By Michelle Schaefer, Strategy And Reporting Manager
As school ends, and the hot days of summer begin, most children across New Jersey are looking forward to the summer months as they anticipate family vacations, beach days, sleepovers, and time spent with friends and family. For children in foster care, however, the summer season can look starkly different.
Sadly, children in foster care often end up shuffled from one foster home to another for “respite care” while their assigned foster parents are away on vacation. That means packing a bag and once again moving to a home full of strangers, feeling lost in unfamiliar surroundings, and sleeping in a strange bed.
Kids in foster care are often placed in foster homes quite distant from their home neighborhoods. Federal and state legislation strives to provide these children with educational stability through their time in foster care, mandating that they attend school in their home district whenever feasible. Throughout the school year, that can mean long bus rides to their home school district from out-of-district foster homes. When school ends for the summer, though, these children find themselves isolated, living far away from their school friends and the social circles of their classroom peers. Friends may be too far away for get-togethers to be easily or frequently arranged. Thus, foster children are more likely to miss out on the fun, carefree time with friends that most of our children take for granted each summer.
In order to supervise children in foster care, adult caregivers must undergo background checks by the Division of Child Protection & Permanency - a requirement to ensure the safety of these children. However, the bureaucracy necessitated by this requirement means invitations to sleepovers at the homes of friends must often be declined.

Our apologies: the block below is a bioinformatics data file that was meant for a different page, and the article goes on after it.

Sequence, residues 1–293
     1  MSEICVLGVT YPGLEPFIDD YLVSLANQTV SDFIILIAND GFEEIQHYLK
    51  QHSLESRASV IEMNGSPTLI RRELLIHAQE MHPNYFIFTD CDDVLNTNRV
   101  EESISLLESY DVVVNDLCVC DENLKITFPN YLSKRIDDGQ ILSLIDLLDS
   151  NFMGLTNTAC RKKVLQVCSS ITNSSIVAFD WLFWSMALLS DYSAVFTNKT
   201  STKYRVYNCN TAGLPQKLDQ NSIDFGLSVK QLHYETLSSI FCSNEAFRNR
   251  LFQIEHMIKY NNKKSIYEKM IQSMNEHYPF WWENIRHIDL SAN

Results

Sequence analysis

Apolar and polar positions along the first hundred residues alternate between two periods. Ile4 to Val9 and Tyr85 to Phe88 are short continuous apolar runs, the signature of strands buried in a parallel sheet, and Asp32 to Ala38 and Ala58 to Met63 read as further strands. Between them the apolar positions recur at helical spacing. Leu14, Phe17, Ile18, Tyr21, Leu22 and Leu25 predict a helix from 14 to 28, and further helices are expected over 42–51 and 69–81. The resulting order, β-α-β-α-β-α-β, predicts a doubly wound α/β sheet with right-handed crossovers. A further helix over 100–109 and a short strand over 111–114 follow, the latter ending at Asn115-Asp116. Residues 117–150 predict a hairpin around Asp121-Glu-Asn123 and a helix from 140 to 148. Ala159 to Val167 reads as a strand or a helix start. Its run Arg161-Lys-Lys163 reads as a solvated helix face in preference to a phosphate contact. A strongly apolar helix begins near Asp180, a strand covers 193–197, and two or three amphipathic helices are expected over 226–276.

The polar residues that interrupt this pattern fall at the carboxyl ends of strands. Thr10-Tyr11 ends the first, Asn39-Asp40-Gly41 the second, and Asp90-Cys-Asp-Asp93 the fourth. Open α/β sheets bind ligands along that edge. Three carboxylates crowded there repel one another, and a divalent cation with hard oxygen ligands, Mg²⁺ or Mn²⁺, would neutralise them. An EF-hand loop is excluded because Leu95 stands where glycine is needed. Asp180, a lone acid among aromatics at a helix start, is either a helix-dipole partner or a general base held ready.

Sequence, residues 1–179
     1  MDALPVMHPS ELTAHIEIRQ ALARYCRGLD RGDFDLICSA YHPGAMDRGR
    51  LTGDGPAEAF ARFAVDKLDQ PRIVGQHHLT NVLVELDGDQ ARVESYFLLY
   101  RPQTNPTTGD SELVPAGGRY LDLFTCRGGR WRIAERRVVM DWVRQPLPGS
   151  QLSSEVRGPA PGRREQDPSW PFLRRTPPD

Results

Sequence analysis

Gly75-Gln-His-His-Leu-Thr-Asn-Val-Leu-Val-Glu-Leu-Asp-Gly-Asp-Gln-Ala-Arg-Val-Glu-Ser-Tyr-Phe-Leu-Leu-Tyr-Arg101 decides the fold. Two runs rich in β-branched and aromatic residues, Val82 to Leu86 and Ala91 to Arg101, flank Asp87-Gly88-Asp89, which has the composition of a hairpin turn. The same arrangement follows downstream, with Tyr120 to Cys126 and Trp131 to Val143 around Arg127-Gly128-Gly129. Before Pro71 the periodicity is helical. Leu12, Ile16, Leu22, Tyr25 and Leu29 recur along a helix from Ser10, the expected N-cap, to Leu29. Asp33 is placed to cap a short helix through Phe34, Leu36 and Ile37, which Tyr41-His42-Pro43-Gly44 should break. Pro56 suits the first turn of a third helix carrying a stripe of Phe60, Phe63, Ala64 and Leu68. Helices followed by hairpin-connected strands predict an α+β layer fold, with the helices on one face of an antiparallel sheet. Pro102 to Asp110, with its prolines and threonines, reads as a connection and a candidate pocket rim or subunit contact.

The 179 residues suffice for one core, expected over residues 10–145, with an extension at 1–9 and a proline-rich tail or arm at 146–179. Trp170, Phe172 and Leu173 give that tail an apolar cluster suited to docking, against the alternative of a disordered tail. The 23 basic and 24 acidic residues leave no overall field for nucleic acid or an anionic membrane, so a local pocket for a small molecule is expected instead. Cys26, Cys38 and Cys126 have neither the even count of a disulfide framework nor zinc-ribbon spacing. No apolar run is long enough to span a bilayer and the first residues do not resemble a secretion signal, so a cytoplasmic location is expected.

Further, children in foster care who require educational support may find their educational needs overlooked during the summer, as teachers and school staff are not available to focus on their academics. That means educational decline that may leave them even further behind when school resumes in September.
But Court Appointed Special Advocates (CASAs) can help their CASA children navigate these summer challenges…
CASAs watch over their children, no matter where the children are placed and no matter the month of the year. When a child is temporarily placed in a respite home, his or her CASA may be the only familiar face to come and visit during that time. As a familiar face, that CASA may be able to speak up for a shy child or calm down an upset child offering respite foster parents ideas for how to make the child more comfortable and at ease during respite care –what foods they prefer, bedtime routines, likes and dislikes, etc.
CASAs work with caseworkers and foster parents to identify summer camps for the children to attend, helping ensure that these children have positive experiences during the summer and build important social skills. When needed, CASAs advocate for tutoring to be implemented during summer months, helping their CASA children to receive the support they need to thrive academically when the new school year begins.